Interviewed in Rijeka, October 10th 2006
Saša Randić and Idis Turato are architects of the middle generation, from Rijeka whose professional life began in the turbulent days of the initial phase of social transition. Their work, including quite a number of realized works, their authenticity and convincing design solutions have put them at the top of contemporary Croatian architectural production. Randić and Turato are intimately and professionally tied to Rijeka region, but their work follows international trends applied to the local context which they take as flexible work frame conditioned by specific economic, social and technical circumstances. Precisely due to their mastering of this extended context and ability of intelligent adjustment to ever changing construction requirements, Randić and Turato manage to mantain a high rhythm of quality production which does not have to find its justification in hard or unfavourable circumstances, serving as a role models of how author's architecture is also possible in Croatia, in the widest range of programmes.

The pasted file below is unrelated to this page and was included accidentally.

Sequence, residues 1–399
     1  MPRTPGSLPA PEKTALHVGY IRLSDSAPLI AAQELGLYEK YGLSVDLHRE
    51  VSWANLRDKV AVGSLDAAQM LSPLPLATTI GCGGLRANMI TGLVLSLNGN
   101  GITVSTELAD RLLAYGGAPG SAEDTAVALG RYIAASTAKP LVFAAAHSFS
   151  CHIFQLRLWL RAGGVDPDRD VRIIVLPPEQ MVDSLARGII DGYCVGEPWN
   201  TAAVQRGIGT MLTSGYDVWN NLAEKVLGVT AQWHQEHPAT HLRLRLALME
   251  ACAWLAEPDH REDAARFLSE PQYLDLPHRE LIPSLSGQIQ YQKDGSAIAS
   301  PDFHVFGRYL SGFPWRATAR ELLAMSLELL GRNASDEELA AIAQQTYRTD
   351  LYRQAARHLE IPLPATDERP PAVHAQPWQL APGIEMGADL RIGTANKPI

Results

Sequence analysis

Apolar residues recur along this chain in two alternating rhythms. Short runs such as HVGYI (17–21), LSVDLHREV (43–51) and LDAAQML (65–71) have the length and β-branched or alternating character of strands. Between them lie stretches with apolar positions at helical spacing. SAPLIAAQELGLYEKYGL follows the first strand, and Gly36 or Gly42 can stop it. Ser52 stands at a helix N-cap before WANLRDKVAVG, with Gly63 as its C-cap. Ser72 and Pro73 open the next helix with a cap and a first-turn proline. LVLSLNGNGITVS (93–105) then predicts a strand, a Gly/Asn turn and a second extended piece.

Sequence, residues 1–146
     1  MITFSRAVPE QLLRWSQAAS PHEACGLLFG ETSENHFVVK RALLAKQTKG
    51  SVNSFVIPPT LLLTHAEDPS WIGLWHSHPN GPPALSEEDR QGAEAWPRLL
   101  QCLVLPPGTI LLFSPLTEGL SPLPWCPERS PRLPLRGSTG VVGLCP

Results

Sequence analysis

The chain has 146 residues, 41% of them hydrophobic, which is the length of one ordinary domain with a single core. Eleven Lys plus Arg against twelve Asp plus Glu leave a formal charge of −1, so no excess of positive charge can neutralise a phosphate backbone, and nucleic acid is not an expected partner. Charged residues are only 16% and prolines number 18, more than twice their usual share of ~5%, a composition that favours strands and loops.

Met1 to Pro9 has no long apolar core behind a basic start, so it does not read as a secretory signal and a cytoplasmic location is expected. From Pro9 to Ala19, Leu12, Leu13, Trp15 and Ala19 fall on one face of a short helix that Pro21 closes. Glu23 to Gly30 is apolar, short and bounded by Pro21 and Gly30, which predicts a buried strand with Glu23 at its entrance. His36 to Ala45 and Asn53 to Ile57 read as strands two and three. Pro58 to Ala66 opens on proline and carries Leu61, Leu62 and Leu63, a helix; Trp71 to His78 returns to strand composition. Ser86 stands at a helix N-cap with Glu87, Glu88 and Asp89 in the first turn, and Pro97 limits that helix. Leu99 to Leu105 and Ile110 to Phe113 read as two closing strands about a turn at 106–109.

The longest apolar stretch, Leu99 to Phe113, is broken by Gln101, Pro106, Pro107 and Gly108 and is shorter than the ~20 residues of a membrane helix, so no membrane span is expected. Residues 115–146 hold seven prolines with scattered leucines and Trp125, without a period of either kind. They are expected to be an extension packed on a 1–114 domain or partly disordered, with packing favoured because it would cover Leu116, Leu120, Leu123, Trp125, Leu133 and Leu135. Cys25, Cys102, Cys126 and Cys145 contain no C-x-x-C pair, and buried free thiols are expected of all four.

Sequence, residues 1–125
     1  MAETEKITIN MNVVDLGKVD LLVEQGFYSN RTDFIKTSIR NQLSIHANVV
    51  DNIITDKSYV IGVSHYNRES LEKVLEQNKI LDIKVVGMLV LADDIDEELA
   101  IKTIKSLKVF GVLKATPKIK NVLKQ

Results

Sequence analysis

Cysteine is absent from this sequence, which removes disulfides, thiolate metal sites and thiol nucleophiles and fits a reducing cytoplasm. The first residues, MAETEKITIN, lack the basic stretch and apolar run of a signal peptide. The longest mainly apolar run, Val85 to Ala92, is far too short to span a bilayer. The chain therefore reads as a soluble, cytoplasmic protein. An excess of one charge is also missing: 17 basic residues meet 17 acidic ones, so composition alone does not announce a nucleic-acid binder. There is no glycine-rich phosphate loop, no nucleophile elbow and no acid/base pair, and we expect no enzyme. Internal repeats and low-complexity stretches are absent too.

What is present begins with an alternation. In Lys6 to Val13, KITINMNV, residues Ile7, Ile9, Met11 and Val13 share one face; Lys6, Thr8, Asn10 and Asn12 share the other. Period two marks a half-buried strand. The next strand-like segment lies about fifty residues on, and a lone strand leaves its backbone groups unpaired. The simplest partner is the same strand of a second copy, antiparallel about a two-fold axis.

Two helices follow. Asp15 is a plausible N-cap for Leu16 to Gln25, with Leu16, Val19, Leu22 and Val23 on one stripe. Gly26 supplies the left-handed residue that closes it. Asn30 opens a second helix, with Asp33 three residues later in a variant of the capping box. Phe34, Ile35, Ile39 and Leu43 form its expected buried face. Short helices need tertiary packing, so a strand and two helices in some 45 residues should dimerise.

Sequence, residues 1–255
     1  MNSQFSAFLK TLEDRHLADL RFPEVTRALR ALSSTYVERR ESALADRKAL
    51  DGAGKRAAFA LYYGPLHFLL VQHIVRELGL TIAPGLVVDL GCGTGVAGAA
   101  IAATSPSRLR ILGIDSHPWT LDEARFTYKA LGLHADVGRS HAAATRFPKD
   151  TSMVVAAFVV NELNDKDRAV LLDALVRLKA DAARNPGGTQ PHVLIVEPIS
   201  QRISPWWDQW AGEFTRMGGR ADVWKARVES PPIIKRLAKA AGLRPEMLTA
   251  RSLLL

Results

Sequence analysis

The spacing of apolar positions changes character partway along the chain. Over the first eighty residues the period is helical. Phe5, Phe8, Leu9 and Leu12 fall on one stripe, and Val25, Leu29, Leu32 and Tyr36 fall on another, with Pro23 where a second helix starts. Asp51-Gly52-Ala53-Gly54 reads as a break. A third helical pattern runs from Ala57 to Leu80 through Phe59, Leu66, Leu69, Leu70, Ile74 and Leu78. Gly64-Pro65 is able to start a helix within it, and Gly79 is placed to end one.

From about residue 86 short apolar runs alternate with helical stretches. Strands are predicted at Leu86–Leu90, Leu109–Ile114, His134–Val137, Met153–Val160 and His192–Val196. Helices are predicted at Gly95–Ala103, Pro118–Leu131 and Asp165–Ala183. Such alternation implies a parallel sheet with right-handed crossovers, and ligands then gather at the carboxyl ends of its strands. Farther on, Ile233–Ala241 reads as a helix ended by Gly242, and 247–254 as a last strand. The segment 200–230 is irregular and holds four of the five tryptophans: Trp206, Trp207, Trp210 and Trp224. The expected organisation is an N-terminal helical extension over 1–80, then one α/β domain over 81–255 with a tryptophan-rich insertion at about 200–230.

ORIS — Some fifteen years ago, Koolhaas asked an almost rhetorical question: is architecture a conceptual discipline or is it completely left to the rules of the market? This dilemma has no unequivocal answer today, especially in Croatia, with its post-transitional situation. Since you are doing well in such circumstances, what answer would you give to that open question?
Randić — It is an interesting question, since it comes from an architect who legitimized the role of capital in architecture - a radical move away from the traditionally leftist understanding of this profession, which was based on the generation of '68 in Western Europe and on the socialist state here. By definition, architects shrink from the idea of profit and market. Koolhaas partly retains the traditional concept of the architect's public role by talking about public intellectuals, persons with the socialist gene, he does not identify it with the American model as embodied by John Portman, but anyway, he places the architect in a different position from his Dutch predecessors.